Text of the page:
Sunset is the main event. At 6:12pm, scores of us have a drink in hand, a friend nearby and a sense of anticipation. The big orange ball is dropping fast. Will there be a green flash?
But zoom your lens back to a wide angle of 24mm, focus on the sky, and you will notice the unique designs the clouds are making. Did anyone else notice? Looking through the lens with two Singh Ray filters holding back the exposure on the sky, you can see a painterly view of the evening sky over the Gulf of Mexico on February 3, a scene worth remembering.
When you are going to shoot a sunset, the first thing you have to do is choose your position. In Naples, Florida last evening, I surveyed the mostly clear sky, the flat horizon of the Gulf of Mexico, the crowd of sunset spectators on the beach and looked for some type of foreground that would add interest to the composition. I spotted a low palm tree and thought that I might use the palm fronds to create a sunstar and to add interest to what might otherwise be a view that was too plain. Do you think this works?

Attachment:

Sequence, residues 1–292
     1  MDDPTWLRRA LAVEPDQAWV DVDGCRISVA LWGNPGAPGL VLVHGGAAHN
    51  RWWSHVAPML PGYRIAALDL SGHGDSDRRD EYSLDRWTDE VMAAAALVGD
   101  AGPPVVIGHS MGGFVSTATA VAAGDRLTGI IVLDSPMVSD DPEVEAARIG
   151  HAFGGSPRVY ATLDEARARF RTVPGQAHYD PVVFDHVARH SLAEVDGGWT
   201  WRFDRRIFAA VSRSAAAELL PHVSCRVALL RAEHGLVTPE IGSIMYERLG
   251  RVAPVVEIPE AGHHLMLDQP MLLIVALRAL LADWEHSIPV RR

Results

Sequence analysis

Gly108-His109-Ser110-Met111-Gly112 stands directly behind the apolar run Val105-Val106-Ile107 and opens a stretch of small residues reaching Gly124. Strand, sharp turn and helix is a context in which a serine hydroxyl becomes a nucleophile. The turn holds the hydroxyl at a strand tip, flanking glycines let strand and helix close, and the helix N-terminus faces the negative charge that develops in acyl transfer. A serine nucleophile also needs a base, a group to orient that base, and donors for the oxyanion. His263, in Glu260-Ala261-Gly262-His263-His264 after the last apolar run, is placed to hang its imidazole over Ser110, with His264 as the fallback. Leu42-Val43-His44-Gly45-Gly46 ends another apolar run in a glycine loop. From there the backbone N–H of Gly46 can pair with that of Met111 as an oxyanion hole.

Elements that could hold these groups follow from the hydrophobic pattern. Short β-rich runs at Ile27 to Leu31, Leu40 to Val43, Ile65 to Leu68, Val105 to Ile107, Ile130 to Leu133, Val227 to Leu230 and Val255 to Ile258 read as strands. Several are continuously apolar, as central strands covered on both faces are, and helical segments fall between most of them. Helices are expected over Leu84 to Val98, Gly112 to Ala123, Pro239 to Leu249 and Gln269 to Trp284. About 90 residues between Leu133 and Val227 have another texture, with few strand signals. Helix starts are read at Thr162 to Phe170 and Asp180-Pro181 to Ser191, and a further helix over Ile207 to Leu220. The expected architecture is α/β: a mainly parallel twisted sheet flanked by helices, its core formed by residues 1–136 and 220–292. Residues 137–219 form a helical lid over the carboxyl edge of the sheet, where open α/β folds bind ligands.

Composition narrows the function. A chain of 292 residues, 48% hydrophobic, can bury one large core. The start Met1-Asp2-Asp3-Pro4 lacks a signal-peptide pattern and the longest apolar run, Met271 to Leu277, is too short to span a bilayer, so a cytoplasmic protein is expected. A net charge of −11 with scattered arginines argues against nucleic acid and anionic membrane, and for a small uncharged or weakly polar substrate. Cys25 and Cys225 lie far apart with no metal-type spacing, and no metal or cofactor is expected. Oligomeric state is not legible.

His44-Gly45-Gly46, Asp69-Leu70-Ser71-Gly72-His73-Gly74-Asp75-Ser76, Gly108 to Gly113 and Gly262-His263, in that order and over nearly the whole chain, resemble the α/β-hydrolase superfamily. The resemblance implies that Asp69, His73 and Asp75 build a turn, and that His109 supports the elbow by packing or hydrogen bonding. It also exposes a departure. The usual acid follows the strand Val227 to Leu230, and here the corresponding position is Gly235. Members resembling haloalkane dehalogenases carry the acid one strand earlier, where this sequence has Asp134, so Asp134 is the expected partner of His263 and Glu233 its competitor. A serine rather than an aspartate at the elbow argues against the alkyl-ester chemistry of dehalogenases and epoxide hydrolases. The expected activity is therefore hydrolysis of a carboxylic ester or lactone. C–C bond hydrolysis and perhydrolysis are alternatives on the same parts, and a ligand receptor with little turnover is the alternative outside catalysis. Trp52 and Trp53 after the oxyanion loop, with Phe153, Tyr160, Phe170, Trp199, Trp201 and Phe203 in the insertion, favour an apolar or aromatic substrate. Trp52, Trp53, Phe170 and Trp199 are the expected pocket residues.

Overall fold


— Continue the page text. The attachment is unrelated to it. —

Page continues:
If I did not have water or distant land forms for a simple horizon, I would be looking for ways to simplify — not add interest — to the horizon. Every sunset is different: every location, foreground, every cloud formation, every day. While you may have an idea that there will or will not be clouds to reflect the orange and pink hues of the sunset, it is hard to know for sure. It is also hard to determine if there are or are not clouds right on the horizon, as you typically cannot see them until the sun (or moon) intersects with them. Will there be a green flash, only visible when no clouds block the sun’s last seconds above the horizon? As experienced as you get, it is nearly impossible to predict what the day’s sunset will bring.
My equipment: Nikon D800, Nikon 24-70mm lens, Nikon circular polarizer, Singh-Ray reverse graduated two-stop filter, Really Right Stuff tripod and ball head.